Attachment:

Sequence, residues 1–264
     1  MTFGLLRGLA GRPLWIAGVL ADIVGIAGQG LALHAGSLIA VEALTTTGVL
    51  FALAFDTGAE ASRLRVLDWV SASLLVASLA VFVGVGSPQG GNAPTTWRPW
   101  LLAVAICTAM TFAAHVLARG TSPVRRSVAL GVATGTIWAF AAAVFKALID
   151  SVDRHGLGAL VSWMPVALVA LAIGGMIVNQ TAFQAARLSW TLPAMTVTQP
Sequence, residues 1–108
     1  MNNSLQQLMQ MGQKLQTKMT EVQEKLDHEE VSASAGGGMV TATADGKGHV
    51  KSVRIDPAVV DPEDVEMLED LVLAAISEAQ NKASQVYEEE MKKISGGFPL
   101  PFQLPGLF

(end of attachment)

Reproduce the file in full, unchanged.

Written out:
Sequence, residues 1–264
     1  MTFGLLRGLA GRPLWIAGVL ADIVGIAGQG LALHAGSLIA VEALTTTGVL
    51  FALAFDTGAE ASRLRVLDWV SASLLVASLA VFVGVGSPQG GNAPTTWRPW
   101  LLAVAICTAM TFAAHVLARG TSPVRRSVAL GVATGTIWAF AAAVFKALID
   151  SVDRHGLGAL VSWMPVALVA LAIGGMIVNQ TAFQAARLSW TLPAMTVTQP
Sequence, residues 1–108
     1  MNNSLQQLMQ MGQKLQTKMT EVQEKLDHEE VSASAGGGMV TATADGKGHV
    51  KSVRIDPAVV DPEDVEMLED LVLAAISEAQ NKASQVYEEE MKKISGGFPL
   101  PFQLPGLF